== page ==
The four-point starter is used to overcome the drawbacks of the 3-point starter.
The circuit diagram of the four-point starter is shown in the figure. It consists of a graded starting resistance to limit the starting current and is connected in series with the armature of the motor. The tapping points of the starting resistance are taken out to a number of studs. It is called 4-point starter because it has 4 terminals viz. L, N, F and A.
The one end of the armature coil is connected to the terminal A and of the shunt field winding to the terminal F. The other ends of the armature and the shunt field windings are directly connected to the negative terminal of the supply.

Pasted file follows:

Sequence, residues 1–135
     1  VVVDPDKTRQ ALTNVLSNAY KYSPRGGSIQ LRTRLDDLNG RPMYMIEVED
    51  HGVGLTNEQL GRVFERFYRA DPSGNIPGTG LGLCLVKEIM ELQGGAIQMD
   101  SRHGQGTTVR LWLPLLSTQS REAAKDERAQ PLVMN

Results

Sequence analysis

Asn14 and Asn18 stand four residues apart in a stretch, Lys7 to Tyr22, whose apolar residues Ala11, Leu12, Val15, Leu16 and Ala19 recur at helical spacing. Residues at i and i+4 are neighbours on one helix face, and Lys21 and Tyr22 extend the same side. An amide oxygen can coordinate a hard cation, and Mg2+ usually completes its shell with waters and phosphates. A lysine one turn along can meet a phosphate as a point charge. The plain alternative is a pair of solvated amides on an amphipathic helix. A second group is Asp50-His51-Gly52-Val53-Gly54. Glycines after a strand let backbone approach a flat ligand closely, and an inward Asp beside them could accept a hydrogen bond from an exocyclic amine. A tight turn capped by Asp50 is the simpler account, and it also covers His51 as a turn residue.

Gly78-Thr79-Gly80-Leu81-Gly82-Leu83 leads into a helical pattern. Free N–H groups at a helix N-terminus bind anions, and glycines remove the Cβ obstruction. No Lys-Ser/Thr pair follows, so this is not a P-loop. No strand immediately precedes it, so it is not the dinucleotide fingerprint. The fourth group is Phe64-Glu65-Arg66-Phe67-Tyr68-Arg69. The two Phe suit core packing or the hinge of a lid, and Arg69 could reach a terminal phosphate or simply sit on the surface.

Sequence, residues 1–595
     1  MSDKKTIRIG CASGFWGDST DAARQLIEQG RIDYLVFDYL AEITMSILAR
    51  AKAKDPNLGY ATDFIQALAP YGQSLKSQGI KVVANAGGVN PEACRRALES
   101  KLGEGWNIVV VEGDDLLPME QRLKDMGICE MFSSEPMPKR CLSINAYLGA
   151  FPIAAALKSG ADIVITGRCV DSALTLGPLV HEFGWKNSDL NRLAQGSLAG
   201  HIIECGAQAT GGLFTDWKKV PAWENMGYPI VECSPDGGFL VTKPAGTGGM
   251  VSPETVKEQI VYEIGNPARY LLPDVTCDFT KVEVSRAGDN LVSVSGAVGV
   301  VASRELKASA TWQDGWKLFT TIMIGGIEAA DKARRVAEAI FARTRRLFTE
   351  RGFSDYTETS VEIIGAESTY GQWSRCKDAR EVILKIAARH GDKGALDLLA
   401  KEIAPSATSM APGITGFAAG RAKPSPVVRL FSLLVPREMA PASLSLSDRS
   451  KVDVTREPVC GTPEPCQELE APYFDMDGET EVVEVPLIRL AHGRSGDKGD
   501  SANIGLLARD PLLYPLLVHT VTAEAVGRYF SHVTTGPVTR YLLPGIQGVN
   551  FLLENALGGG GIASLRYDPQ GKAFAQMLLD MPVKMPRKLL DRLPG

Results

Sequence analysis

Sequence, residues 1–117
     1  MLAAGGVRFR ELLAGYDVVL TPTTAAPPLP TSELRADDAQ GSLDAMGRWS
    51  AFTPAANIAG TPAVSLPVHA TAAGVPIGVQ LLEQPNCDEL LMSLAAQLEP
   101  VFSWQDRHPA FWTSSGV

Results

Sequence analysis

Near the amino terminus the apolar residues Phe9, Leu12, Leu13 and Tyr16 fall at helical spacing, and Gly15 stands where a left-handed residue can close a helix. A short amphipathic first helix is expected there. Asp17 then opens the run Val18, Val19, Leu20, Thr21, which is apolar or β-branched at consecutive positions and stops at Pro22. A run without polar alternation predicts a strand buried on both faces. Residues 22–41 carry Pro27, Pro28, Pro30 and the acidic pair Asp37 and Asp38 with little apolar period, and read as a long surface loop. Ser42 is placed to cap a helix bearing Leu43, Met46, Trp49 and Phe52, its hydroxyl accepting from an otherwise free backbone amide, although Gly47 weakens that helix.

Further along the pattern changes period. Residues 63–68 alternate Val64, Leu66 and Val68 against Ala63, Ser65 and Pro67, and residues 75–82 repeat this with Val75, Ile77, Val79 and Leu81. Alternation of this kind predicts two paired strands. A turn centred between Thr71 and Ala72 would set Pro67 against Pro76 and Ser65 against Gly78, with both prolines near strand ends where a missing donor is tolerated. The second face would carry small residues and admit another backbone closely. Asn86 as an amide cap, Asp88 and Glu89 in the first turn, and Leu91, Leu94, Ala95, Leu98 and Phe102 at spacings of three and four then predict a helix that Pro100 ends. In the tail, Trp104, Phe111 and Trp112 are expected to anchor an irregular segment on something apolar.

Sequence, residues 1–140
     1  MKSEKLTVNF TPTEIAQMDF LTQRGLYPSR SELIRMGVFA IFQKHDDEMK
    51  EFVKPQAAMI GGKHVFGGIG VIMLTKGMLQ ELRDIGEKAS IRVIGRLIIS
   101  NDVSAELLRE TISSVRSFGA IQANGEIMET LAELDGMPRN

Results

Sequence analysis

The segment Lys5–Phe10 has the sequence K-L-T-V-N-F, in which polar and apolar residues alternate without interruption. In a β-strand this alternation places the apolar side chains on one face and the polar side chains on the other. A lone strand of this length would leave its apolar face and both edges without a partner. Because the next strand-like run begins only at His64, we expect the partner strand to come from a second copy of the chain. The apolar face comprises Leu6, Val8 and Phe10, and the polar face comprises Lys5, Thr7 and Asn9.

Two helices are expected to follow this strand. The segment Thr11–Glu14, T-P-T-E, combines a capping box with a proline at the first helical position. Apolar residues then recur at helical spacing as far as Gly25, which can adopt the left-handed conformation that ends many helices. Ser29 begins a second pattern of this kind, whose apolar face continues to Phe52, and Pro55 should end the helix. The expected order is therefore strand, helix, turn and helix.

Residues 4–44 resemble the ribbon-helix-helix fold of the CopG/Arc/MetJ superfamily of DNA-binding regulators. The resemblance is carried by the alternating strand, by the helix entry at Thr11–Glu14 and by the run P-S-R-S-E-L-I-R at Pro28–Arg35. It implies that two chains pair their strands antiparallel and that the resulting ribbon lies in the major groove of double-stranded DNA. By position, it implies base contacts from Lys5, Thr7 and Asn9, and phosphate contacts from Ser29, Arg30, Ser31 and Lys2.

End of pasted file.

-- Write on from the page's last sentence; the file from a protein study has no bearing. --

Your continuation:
The no-volt trip coil (NVC) is connected directly across the line with a current limiting resistor R in series. The NVC is also known as under-voltage protection of the motor. One end of the handle is connected to the terminal L through the overload trip coil (OLC) and the other end of the handle moves against the force of control spring and makes contact with each stud during the starting period of operation. The starting resistance is cutting out gradually as the handle passes over each stud in clockwise direction.
Therefore, with this arrangement, a change in the field current for the variation of the speed of the motor does not affect the current through the NVC, as the two circuits are independent of each other.
The working of the four-point starter can be described as follows −
The only drawback of the four-point starter is that it does not provide protection against the open in the field circuit.